New study explains why people are so easily coerced into doing something wrong.
How can people so easily harm others without any reason? New research is getting closer to finding the answer.
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Researchers at UCL and Université Libre de Bruxelles in Belgium suggest that when we are following orders, we actually feel less responsible for our actions and their painful consequences. In such situations, “just following orders” phrase plays out in the mind. It was the strategy employed by many Nazi defendants during criminal trails in post World War II.
“Maybe some basic feeling of responsibly really is reduced when we are coerced into doing something,” said Patrick Haggard from University College London. “People often claim reduced responsibility because they were ‘only obeying orders.’ But are they just saying that to avoid punishment, or do orders really change the basic experience of responsibility?”
The latest research is actually based on 1960s famous experiments conducted by psychologist Stanley Milgram in which it was showed that people can harm another person simply because someone in a position of authority told them to do so.
The new research has taken those classic experiments one step further and attempted to explain why people are so easily coerced into doing something wrong. To find the answer, researcher measured a phenomenon called “sense of agency.” It refers to awareness which makes a person feel that he is controlling his own actions.
Researchers already knew that people feel a reduced sense of agency when their actions produce a negative instead of a positive outcome. If the result is negative, people perceive a longer lapse in time between action and its outcome. In other words, they mentally distance themselves if there is a wrong outcome of their action.
In latest study, researchers measured sense of agency through experiments. In one experiment, researchers either order or did not order people to give a mild shock to another person. In other experiments, the harm inflicted on the other person was a financial penalty instead of minor pain.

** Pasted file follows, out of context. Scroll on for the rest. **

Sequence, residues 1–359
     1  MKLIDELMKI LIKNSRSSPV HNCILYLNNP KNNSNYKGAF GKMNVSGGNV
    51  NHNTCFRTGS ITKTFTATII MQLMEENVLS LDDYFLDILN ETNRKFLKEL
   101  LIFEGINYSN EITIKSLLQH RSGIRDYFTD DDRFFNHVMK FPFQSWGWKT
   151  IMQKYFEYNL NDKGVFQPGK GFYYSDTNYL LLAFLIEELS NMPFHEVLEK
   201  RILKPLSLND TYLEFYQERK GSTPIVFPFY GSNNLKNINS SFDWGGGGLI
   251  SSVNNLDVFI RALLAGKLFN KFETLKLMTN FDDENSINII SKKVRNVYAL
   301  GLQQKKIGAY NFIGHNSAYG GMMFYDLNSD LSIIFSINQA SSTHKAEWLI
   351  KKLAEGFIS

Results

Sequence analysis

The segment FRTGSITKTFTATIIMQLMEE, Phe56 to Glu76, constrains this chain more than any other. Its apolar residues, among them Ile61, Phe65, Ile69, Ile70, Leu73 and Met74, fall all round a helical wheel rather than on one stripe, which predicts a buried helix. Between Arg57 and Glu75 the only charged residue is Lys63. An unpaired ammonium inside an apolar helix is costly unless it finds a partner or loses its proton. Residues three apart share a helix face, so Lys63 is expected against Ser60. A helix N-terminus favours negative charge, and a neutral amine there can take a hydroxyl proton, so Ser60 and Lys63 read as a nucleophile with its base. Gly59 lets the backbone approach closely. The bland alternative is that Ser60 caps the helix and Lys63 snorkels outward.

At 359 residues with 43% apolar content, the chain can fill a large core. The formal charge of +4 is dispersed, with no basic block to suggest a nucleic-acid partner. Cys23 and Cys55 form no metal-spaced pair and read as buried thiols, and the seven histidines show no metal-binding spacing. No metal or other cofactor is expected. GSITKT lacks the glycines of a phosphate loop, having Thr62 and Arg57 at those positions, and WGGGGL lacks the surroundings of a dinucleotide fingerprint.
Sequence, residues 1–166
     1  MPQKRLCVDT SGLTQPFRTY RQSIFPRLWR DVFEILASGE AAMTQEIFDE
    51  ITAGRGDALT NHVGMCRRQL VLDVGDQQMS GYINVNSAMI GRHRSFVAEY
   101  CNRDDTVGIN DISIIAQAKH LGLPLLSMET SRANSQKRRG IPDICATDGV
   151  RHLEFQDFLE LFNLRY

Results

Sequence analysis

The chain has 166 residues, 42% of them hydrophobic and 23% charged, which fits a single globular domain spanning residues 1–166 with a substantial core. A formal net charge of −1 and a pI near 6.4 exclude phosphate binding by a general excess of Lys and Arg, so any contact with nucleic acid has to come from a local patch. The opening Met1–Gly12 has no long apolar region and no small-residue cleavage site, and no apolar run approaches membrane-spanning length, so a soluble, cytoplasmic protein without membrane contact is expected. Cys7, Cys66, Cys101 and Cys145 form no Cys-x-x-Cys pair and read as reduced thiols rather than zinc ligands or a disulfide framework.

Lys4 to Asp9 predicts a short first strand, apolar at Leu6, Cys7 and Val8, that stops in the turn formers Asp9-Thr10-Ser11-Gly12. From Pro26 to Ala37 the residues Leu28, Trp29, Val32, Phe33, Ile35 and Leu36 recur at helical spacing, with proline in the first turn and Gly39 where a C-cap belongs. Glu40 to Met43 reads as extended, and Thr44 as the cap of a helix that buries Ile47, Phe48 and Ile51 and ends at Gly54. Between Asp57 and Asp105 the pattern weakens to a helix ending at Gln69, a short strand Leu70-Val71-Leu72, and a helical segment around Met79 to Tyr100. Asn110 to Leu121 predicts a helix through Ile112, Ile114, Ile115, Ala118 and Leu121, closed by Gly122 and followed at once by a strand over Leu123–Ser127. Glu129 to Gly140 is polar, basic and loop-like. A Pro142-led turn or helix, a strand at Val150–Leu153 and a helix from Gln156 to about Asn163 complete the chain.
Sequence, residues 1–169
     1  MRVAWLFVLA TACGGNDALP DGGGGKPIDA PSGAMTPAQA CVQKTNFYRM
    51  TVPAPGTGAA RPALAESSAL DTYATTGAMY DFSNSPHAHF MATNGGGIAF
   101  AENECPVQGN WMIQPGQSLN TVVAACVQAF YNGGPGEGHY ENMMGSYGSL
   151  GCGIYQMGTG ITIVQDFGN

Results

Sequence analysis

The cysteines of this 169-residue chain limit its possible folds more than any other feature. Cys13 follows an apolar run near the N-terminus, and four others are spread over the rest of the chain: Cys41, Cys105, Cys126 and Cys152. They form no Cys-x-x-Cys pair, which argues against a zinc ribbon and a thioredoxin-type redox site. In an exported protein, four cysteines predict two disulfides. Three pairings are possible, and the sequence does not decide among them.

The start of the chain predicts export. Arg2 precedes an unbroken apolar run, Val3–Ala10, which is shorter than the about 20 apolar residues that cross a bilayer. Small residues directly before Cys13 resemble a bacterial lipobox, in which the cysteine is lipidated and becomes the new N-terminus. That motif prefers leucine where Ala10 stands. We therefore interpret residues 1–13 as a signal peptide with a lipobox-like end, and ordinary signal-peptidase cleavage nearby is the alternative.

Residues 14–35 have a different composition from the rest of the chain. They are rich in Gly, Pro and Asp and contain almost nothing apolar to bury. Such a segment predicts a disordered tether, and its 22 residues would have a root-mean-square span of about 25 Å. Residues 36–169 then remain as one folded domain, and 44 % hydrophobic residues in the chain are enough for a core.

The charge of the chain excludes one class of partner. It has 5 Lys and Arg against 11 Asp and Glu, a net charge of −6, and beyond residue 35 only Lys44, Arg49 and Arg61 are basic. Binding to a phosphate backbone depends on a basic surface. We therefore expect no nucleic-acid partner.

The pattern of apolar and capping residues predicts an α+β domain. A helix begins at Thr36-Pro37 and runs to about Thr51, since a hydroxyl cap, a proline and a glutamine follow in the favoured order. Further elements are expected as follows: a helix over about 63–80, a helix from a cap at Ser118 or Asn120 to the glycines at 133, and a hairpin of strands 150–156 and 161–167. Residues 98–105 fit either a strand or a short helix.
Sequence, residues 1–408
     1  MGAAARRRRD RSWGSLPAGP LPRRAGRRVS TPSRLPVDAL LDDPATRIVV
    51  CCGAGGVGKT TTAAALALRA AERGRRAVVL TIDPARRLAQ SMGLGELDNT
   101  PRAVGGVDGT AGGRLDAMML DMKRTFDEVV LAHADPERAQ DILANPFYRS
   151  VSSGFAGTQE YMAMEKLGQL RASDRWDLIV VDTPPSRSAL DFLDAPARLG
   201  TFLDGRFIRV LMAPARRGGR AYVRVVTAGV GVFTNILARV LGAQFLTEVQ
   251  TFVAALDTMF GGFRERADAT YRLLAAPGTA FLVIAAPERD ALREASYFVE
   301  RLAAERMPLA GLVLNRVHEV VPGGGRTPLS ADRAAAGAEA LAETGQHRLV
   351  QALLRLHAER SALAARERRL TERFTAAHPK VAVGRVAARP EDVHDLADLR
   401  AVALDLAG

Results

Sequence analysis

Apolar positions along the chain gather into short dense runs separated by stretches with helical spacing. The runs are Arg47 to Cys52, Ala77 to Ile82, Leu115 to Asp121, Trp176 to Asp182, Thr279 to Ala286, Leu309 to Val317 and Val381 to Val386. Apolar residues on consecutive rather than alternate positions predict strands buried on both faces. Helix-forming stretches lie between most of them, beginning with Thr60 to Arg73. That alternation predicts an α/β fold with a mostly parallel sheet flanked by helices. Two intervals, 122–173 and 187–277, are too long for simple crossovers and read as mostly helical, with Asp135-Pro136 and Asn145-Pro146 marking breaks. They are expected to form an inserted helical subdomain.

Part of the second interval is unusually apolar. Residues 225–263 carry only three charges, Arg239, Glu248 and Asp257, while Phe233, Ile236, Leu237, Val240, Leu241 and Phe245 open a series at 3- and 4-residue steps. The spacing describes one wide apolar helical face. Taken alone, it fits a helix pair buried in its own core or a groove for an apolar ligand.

When the participants chose freely to harm other, they were encouraged along with the promise of a small financial gain. They also knew exactly what kind of harm they were inflicting on other person and it was done by pressing a key.
Every time the participant pressed a key, a tone occurred quickly after the keypress. The participants had to report in milliseconds how long they thought the interval was between the key press and the tone. The longer the perceived time, the longer, the greater the reduction in sense of responsibility. It means they feel less control over the results and consider themselves less responsible for it.
“We wanted to know what people actually felt about the action as they made it, and about the outcome. Time perception tells us something about the basic experiences people have when they act, not just about how they think they should have felt,” said Haggard.
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“Our results suggest people who obey orders could actually feel less responsible for the outcomes of their action: they may not just be claiming that they feel less responsible. People appear to experience a sort of distance from the outcome of their actions when they are obeying instructions. It’s important to distinguish between how our minds generate our subjective feelings of responsibility and the objective facts of responsibility.”